Quick Take: Your Primer on the Perkins Career and Technical Education Reauthorization
Fill me in: Congress last week passed and the president today signed legislation reauthorizing the Carl D. Perkins Career and Technical Education Act, which provides important funding for programs focused on the academic, career, and technical skills development for high school and higher education students. Highlights of the reauthorization include new opportunities for partnerships between employers and educators to improve student preparation for in-demand jobs, measures that improve alignment with other workforce development programs, and increased program accountability. The legislation garnered sweeping bipartisan support en route to President Trump.
Why does it matter? With the American economy approaching full employment, and with more jobs available than there are workers to fill them, it’s more important than ever to provide today’s students with the skills they need to succeed in the jobs of today and the jobs of tomorrow. This legislation – which represents the first major education bill signed into law by President Trump – helps align career and technical education (CTE) programs with the needs of regional, state, and local labor markets, encourages effective collaboration between employers and secondary and postsecondary institutions, and promotes student participation in work-based learning. It also improves accountability and transparency to ensure CTE programs are adequately preparing students for in-demand jobs.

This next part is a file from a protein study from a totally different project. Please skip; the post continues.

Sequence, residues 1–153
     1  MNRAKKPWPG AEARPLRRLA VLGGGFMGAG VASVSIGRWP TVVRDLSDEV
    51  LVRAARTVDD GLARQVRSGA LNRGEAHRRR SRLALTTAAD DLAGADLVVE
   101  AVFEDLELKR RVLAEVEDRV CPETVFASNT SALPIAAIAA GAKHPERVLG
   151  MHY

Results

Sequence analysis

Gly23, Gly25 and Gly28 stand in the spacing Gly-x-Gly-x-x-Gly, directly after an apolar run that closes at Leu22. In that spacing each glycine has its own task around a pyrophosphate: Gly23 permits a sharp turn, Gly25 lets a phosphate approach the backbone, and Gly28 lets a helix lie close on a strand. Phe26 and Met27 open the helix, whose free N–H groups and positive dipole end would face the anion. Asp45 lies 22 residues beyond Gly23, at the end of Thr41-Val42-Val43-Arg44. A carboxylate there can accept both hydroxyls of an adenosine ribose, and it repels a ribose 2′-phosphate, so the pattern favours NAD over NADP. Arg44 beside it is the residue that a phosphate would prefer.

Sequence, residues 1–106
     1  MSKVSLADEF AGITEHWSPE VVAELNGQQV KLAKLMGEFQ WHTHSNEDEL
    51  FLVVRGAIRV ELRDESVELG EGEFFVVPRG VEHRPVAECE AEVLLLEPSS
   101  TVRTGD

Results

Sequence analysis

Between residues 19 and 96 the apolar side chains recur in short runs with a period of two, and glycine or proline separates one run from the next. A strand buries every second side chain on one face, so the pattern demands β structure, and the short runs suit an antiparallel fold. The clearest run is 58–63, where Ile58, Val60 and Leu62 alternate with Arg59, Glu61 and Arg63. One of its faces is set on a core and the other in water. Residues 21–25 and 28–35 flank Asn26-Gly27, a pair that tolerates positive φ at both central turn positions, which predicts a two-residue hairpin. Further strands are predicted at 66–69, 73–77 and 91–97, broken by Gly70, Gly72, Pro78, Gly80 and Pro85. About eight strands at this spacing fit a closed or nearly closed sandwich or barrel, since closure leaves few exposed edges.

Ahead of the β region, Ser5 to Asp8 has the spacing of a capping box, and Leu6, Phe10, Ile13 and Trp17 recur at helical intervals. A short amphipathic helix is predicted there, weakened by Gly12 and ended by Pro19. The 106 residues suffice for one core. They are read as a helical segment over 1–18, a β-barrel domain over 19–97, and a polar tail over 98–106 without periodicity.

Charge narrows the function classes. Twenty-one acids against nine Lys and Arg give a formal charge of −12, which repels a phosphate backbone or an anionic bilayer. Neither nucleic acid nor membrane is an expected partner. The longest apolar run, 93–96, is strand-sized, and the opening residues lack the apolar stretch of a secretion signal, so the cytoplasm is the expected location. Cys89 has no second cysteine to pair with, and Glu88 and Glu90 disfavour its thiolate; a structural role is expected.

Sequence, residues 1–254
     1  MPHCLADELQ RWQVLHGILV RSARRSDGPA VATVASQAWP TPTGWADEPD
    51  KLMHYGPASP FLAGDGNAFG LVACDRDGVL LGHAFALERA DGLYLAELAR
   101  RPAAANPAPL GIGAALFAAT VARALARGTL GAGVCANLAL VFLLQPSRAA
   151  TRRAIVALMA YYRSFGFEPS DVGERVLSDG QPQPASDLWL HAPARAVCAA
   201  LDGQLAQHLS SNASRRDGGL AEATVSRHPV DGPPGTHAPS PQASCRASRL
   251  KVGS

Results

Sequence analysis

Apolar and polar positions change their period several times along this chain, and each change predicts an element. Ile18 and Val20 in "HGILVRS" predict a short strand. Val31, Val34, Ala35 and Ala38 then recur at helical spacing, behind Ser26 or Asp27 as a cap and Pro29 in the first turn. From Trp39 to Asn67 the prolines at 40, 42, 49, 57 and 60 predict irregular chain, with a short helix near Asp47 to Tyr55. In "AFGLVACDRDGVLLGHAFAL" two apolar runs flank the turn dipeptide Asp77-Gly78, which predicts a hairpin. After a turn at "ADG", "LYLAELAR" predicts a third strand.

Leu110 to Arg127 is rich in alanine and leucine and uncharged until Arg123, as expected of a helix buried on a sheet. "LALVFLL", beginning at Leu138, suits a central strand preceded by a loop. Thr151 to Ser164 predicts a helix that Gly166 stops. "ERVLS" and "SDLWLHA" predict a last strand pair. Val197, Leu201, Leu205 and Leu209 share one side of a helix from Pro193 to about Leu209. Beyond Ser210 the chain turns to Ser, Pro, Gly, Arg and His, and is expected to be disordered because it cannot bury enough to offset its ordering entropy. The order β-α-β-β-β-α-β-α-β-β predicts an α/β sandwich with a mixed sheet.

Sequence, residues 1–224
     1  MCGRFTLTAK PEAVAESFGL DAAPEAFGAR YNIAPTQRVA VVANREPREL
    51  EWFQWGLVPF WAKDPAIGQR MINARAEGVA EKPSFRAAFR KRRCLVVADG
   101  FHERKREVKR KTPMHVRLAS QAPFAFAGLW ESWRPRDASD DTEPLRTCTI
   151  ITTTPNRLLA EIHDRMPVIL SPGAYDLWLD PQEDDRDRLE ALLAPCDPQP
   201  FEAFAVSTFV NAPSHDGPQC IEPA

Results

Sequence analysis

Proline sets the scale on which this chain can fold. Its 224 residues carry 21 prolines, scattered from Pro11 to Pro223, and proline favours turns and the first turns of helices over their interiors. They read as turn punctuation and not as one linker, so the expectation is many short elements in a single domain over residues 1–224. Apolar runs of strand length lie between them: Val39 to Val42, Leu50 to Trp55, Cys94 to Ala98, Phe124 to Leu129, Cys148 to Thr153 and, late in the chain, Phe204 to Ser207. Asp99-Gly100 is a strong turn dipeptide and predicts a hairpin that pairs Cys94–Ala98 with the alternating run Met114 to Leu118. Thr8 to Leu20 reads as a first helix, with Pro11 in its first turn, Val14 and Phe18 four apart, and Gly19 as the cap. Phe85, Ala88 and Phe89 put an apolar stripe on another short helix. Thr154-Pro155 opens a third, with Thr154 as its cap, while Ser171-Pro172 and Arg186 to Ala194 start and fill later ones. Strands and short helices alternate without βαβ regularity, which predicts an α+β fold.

Number to know: 54%. That’s the percentage of high school juniors and seniors who report lacking the proper support to help them match their interests to potential occupations. Similarly, 51% say they aren’t advised on the steps to secure their desired career.
Our take: (read the full statement)
"Because of this legislation, career and technical education programs will continue to help students succeed in the workforce of today and learn the skills for the workforce of tomorrow. This successful, bipartisan effort is a significant achievement for America’s workers – a key ingredient of the free enterprise system.” - U.S. Chamber of Commerce Executive Vice President and Chief Policy Officer Neil Bradley
What’s next? This legislation represents the kind of bipartisan, commonsense action needed to address our nation’s education and workforce challenges, and there’s still much more work to be done. Through the U.S. Chamber Foundation’s Center for Education and Workforce and the U.S. Chamber’s Employment Policy Division, we’re taking these challenges head on. Learn more about important programs and policy solutions we’re advancing to help cultivate a competitive, 21st century American workforce.